"The material question which the court would have to decide in such cases is, whether taking the document and all the relevant facts into consideration, it could be said that the donor intended to confer a bounty upon his son exclusively for his benefit and capable of being dealt with by him at his pleasure or that the apparent gift was an integrate part of a scheme for partition and what was given to the son was really the share of the property which would normally be allotted to him and in this branch of the family on partition? In other words, the question would be whether the grantor really wanted to make a gift of his properties or to partition the same? As it is open to the father to make a gift or partition of his properties as he himself chooses, there is, strictly speaking, no presumption that he intended either the one or the other."
It is open to a Mitakshara father, therefore, to treat his self-acquired property as ancestral property and then proceed to allot the same to his sons as in a partition. Equally he can, treating his property as self-acquired and in the exercise of his power of disposition over it, make a gift of this or that property of his own to each or some of his sons at his discretion and pleasure. The question in each case would therefore be one of intention of the father, which, as we said, will have to be gathered from the terms of the language he has employed in expressing his wished as to the disposition of the property. In ascertaining the intention, one must bear in mind that there should be no pre-conceived approach and the words will have to be read and understood in their plain meaning without reference to any presumption of any kind.
(4) On a careful reading of the document before us, we feel that it is impossible to hold that the intention of the father was to divide the house as in a partition and allow a house to each of his sons for himself and as representing his branch. We can find no words in the document to justify such a construction. It is true the document has been described by the father as (x x x x)* but it is plain that the true nature, effect and character of the transaction cannot be decided from merely the description of the document. We do not say that the description of the transaction in the document should be ignored. But that cannot be decisive on the intention relating to the character of the transaction which has to be ascertained from the document read as a hold. Throughout the document the father is conscious of the fact that the properties which he disposed of either by the settlement or by the deed under construction were his self-acquired properties. Under the settlement of 1944, he made a gift of two houses to each of his daughters. When it came to each of his daughters. When it came to his sons, he set apart a house for each of them and reserved one for his own use. The words of allotment to his sons clearly point to an intention on the part of the father to make it absolute and exclusive to each of his sons. He said that each son should take the property, receive the income and enjoy the property. There was no suggestion in the document that anything but each of his sons was to have any interest in the house allotted to him. Further the provision for the right of pre-emotion quite clearly brings out the intention of the father and that each son must have a right of alienation over the house allotted to him, but subject only to the qualification that before he actually alienates, he must give an option to the other brother to purchase and only if the option is not exercised, would he be at liberty to alienate the property to a stranger. It is argued that this provision shows that the sons had only limits powers of alienation and that this would be consistent only with the character of the property taken by the sons being ancestral in their hand. We are unable to agree with this construction. Far from this provision relating to pre-emotion being a restriction in that sense on the powers of alienation, it fully recognises that what was given to the sons was with powers of alienation. It is true that the houses allotted to each son as well as the father happened to be of equal value. But to our minds this is not indicative of the intention of the father that the property should be taken by the son as ancestral property. All that it shows is that the father wanted to do equal justice to his sons and also to himself. If the father's intention was that each son as representing his branch should get the property allotted to him, he should have clearly used words which would convey that meaning. But that is not the case. We are, therefore, of the view that the Tribunal came to the correct conclusion as to the scope and nature to the correct conclusion as to the scope and nature of the disposition under the document dated 12-7-1959, and as to the character of the rental income in the hands of the assessee.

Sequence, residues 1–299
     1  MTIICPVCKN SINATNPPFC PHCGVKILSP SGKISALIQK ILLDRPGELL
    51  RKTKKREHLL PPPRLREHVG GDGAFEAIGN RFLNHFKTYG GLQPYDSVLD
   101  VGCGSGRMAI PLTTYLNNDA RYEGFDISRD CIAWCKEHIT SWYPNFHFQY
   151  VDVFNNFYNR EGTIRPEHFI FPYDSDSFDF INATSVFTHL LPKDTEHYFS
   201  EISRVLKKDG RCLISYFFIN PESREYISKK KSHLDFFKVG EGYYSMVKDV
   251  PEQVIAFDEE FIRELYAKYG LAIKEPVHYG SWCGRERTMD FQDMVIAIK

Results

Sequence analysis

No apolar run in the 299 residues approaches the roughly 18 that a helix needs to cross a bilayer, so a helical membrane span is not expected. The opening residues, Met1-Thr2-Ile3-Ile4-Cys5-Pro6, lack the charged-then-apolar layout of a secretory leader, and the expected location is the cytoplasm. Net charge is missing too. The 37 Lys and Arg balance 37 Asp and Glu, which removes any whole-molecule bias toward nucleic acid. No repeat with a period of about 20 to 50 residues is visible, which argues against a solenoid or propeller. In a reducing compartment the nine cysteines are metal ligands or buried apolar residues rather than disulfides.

(5) We answer the question referred to us against the assessee with costs, Counsel's fee Rs. 250.